Podcasts

Dec. 13th, 2015 10:54 am
metawidget: My full geek code.  Too long for DW alt tag, please see profile if interested. (geek)
It's been a while since I posted, and this has been sitting on the notepad for a while…

When I was at work, I listened to a lot of podcasts to damp down noise from the floor while doing not-too-intense work. At home, I find time here and there — while cooking, sometimes while the kids play if the kids are off doing their own thing, while on the bus to grab a car… it's a small luxury to let a chunk of consciousness run around with smart, different folks across Internet audio.

Here is what I manage to listen to regularly:

Spark from CBC Radio: Nora Young has the best radio voice among living radio hosts, in my opinion (Lister Sinclair gets best ever). The podcast is mostly about technology, but in an expansive, humane way that often focused on usability, accessibility and the creative uses people come up with for existing technologies.

Death, Sex, Money from WNYC is a show of long-form interviews touching on the title topics (usually all three of them) with people who have lived through some interesting stuff.

Planet Money from NPR is a show about economics for laypeople — sometimes they do a show on explaining a hyped topic (What is a collateralized debt obligation? What just happened to the Chinese markets?). Sometimes they look at something mundane and explain the minutiae (t-shirt manufacturing, raisins) and sometimes they follow a person's cunning business plan with an eye to what economic mechanisms are in play underneath (a y taxi medallion empire, for instance).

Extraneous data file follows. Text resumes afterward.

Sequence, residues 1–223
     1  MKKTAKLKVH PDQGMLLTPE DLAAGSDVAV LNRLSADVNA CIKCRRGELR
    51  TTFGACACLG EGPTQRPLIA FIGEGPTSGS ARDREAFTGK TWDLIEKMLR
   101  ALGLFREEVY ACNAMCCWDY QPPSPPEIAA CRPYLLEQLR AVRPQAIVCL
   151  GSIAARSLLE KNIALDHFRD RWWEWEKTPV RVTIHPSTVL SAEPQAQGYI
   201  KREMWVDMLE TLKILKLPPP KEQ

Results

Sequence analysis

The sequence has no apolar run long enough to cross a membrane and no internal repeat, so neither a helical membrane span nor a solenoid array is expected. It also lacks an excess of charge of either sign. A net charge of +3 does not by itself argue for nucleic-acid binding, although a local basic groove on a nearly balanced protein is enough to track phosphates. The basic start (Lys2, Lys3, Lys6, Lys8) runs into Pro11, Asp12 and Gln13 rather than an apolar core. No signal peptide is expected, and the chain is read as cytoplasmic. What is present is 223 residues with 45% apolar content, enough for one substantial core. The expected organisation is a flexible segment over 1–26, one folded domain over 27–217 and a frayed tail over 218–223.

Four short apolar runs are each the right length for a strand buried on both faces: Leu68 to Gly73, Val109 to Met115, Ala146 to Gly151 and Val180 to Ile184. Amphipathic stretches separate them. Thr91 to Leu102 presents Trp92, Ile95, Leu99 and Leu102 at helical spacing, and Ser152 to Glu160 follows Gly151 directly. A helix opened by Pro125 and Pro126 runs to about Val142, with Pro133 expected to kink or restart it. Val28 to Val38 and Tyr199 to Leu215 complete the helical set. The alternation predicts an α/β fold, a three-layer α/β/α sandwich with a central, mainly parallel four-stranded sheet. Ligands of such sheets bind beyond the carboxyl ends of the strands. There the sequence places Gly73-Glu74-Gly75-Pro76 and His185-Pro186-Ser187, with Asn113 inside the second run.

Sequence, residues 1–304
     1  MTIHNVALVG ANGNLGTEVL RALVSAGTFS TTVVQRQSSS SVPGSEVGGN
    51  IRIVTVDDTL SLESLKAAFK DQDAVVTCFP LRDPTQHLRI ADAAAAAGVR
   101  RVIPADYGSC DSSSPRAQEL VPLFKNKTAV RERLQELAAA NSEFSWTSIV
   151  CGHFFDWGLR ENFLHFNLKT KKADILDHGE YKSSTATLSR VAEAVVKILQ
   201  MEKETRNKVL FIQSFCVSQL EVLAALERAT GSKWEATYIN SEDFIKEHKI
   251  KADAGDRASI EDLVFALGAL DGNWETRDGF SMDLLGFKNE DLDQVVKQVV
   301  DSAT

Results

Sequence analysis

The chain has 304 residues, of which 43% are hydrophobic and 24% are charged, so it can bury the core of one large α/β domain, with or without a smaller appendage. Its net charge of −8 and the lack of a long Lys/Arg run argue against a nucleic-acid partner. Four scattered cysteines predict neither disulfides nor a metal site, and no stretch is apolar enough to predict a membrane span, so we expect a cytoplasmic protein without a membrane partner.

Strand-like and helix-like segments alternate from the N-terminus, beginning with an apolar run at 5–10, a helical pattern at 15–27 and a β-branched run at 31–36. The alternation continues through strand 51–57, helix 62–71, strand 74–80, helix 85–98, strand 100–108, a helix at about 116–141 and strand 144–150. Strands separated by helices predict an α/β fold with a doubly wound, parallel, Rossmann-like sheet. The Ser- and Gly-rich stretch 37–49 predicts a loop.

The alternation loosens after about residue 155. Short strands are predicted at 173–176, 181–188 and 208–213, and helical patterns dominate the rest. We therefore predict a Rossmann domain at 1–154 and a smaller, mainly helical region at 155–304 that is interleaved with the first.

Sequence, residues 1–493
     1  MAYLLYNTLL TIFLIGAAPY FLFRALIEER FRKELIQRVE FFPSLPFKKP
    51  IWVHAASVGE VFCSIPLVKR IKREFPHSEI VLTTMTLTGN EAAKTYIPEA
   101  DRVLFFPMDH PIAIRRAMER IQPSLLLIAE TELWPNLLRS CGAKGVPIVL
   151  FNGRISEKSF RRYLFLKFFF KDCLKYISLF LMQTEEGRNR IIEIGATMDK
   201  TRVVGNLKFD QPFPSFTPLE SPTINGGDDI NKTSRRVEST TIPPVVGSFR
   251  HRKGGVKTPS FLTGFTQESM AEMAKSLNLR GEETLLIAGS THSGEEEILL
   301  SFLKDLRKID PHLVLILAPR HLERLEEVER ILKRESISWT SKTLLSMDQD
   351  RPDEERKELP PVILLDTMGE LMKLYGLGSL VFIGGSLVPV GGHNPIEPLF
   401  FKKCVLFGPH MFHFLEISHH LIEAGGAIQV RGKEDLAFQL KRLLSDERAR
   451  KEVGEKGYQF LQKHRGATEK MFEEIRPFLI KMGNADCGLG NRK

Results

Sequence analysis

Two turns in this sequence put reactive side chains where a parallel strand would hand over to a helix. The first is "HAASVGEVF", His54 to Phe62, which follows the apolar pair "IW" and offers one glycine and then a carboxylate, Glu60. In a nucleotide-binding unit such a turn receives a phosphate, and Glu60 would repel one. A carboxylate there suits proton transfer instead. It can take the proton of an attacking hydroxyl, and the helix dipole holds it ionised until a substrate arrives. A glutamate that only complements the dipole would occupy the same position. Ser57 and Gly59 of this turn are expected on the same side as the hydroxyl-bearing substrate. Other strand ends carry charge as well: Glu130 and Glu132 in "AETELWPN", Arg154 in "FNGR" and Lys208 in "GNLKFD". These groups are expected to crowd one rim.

More or Less from BBC Radio 4 is a show of statistical fact-checking: from political claims to memes about toxic levels of banana consumption (hint: absent a health condition that makes you super-sensitive, you will have trouble keeping down enough bananas to kill you via potassium or radiation poisoning). It's funny, chatty and a neat way to think about all steps of the statistical process while finding out what's preoccupying Brits who listen to or make geeky podcasts.

I also listen to and enjoy Savage Love (US politics and relationship advice), Polyamory Weekly (charmingly indie relationships and media watching), Radiolab (lovingly crafted, humane stories touching on science) and Dan Carlin's Hardcore History (passionate lectures on a huge range of history, mostly military and political, with lots of quotes from original sources and psychological guesswork — and a voice and delivery that I like but is hard to be neutral on).

Any suggestions I might like, especially in the 15–30 minute range?
metawidget: Person sitting cross-legged from the rear, in black and white with noise and scratches (body)
It has been forever since I did a good/blah entry. Life is pretty good, really. Way back when, I did these every 20 entries, so that there would always be one on the first page of my entries. Maybe I'll get back up to that pace again.


GoodBlah
  • We're within a payment of being done with the mortgage — we lucked out on interest rates and help and nice stable professional employment, and now we're looking at owning our place outright. It feels good.
  • Everyone here (human and cat) is currently pretty healthy (even my leg is feeling progressively better)!
  • Both kids are learning fun and exciting new skills.
  • I feel like I'm doing pretty well on my year list, including the long-term stuff.
  • Taxes are more or less done, and look to be in good shape: a refund but not a gigantic one.
  • I took my wedding band to the ring shop, and now it fits (my fingers have gotten more slender since 2008) and it got a complimentary shine as well.
  • I'm happily married to one awesome and beautiful person, and happily dating another.
  • Less than two months of parental leave left. Work will be kind of exciting, but the transition back could be rough.
  • World Vision keeps sending increasingly over-the-top fundraising pules. We got a great big envelope containing an bubble envelope containing a spoon and a measuring tape that they would like us to mail back to them (with a donation) for them to ship to Africa. I gave to World Vision in honour of my Christian relatives who are fans of them. Next in-honour donation will be to MSF or the Canadian Red Cross — close enough in the useful stuff they do, and at least their fundraising stuff is flat.